Tuesday, October 13, 2009

The Empty Life and the Full Stomach: Why Sports Suck (Part 3)

Written July 4, 2009.


Underneath this flabby exterior is an enormous lack of character.” ~Oscar Levant

My former pastor, a sports fan, recalled a time when he saw his son playing basketball in a sports coliseum. He remarked that in the building there were 10,000 people who needed exercise watching ten people who don’t. Such is the condition of American sportsdom. Having addressed the soul and heart of the game, I now wish to diagnose the body, namely, the spectator, those many plump, proud, self-righteous armchair quarterbacks who mutate private endeavor into public display and adore the objects of their affection as they did the dolls (ahem, action figures) of their youth.

The festival of Superbowl Sunday is where such religious celebrations find their zenith. We bless the Pepsi and Tostitos to our bodies and celebrate our bounty, a cornucopia of processed foods to aid the warriors of Vicarity into battle. Of course, sports is hardly a required license for Americans: if we must eat, let us eat boldly. The modern soul now “tantalized,” ever reaching and never satisfied. On any given Sunday we imbibe mettle and mirth, perpetually suckling sea water for our souls.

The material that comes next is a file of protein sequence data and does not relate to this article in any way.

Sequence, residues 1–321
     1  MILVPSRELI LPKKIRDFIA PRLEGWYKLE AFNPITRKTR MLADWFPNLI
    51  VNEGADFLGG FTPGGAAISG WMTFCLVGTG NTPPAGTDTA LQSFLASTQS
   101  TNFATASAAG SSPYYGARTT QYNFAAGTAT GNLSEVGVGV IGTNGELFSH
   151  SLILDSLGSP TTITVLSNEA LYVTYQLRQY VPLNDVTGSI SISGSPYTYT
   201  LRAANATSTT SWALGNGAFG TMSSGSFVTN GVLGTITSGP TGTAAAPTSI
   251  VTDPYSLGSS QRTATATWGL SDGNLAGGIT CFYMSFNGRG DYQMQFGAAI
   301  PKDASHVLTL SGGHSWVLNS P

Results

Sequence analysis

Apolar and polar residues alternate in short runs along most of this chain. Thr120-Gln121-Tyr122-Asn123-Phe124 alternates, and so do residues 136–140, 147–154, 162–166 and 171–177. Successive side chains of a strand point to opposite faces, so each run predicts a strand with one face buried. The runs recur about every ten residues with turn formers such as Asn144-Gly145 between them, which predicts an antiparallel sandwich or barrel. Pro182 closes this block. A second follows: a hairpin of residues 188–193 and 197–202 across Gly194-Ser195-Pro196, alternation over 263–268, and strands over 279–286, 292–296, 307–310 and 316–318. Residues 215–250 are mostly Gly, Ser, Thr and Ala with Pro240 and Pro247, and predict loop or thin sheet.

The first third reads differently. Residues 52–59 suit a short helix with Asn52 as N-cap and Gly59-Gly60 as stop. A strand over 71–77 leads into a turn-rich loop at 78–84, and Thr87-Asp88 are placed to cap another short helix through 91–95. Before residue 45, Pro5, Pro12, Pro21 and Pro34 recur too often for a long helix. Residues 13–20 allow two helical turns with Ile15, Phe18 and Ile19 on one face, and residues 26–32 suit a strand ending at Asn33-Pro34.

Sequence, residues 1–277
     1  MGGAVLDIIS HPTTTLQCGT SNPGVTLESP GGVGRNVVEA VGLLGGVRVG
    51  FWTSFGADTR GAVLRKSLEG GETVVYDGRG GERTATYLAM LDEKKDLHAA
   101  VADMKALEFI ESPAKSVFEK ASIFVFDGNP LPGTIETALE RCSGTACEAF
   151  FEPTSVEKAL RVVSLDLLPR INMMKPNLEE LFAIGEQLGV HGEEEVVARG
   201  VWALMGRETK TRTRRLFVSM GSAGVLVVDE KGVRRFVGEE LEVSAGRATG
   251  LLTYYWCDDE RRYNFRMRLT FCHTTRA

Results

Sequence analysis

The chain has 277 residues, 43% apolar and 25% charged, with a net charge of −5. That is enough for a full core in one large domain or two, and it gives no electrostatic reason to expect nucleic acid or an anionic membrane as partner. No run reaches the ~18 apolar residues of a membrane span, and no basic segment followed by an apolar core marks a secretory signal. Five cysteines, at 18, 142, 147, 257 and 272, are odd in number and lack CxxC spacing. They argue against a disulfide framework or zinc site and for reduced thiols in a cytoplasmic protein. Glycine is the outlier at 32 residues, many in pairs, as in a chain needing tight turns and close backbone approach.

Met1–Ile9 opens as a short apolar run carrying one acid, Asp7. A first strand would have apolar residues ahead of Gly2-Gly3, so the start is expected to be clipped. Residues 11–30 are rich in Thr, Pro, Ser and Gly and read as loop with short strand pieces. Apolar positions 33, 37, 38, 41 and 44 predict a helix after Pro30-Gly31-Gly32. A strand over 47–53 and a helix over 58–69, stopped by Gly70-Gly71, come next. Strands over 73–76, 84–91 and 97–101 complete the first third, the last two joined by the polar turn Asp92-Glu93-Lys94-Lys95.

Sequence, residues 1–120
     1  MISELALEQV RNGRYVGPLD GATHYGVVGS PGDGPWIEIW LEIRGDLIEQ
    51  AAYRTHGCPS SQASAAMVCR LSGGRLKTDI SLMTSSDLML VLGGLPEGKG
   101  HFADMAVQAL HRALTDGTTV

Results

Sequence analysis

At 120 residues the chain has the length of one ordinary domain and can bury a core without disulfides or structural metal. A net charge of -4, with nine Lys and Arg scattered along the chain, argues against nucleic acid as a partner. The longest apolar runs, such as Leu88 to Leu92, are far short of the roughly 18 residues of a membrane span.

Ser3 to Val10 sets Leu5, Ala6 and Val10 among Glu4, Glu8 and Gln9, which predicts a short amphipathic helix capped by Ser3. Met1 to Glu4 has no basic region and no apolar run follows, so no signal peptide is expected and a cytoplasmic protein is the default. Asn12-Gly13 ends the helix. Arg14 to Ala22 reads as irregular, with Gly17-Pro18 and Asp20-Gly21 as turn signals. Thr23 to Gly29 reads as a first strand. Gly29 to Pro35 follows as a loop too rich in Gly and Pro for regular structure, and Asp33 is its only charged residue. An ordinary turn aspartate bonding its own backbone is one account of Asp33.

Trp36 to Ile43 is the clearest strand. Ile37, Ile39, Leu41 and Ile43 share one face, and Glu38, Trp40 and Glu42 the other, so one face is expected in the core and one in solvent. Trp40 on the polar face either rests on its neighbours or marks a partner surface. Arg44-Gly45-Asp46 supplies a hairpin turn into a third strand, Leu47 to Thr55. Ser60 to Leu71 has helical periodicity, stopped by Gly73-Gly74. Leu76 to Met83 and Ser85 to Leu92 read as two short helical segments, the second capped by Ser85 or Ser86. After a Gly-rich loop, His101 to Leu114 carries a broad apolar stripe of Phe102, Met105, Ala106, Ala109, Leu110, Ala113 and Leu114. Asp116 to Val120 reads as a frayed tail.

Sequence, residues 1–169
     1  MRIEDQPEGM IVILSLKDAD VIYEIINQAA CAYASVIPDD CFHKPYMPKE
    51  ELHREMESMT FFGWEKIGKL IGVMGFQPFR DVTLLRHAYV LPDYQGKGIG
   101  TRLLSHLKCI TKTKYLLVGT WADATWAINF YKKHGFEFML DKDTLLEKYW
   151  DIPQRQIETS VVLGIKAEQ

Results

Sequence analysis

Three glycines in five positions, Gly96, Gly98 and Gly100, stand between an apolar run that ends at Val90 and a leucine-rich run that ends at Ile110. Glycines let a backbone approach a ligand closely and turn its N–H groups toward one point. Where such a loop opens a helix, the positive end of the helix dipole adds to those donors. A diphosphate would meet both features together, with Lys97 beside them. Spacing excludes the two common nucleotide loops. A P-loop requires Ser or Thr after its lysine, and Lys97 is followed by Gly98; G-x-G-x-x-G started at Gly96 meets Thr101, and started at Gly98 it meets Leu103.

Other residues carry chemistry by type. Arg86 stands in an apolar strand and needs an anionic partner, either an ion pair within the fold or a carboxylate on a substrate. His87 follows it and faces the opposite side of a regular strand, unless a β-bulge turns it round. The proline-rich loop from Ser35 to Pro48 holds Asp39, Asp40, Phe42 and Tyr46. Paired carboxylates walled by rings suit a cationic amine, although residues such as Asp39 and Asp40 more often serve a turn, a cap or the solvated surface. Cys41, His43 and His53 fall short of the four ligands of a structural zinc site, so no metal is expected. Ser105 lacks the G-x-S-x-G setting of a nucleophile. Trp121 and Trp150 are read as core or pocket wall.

J.P. Moreland describes the “empty self” in seven talking points of his book “Loving God With All Your Mind.” Two properties of the empty soul include the soul being passive and sensate. “We let other people do our living and thinking for us…we let our favorite sports team exercise, struggle, and win for us” (p. 90). Moreland goes on, tracing the roots of our words ‘holiday’ (holy day) and ‘vacation’ (to vacate, to leave). “Even the language is passive.” For Aristotle, leisure lead to the highest good, for leisure time was “free time” to ponder the good (philosophize). Such pensiveness was active: men put demands upon their mental faculties for the yield of wisdom. Television and spectator sports are often facilitators of a life unlived, a life lived “on the sidelines.”

Prior to this I mentioned lookism and the glorification of the physical in athletics. I see a growing trend to value the sensate in our society. I can only speculate how much sports feeds into how much we value the physical aspects of our world, or if we are drawn to athletics because we are drawn to the superficial. Do we enjoy watching men hitting fast moving objects with sticks because we lack a cultivated inner life? Is the shallowness of our endeavors equaled only by a dearth of soul?

To put our souls on the dock, I press the sports junkie to ask of their soul the most pertinent question of their leisure time: For what purpose do I seek this thing? In my own life I fear, far more than an uncrafted physique, a mind easily pleased with distraction, spectacle, and the vacuous. Souls awash in wisdom and love, may my heart seek and my eyes find. Two areas where Greek philosophy and Christian love find common ground are these: to corral the passions so they may not enslave but serve the soul; and, to properly order the soul’s loves, that is, learning to love each thing according to how meritorious each thing is, starting with God/The Good, and working our way down. To the degree we fail in this task is the degree to which we have failed as human beings.

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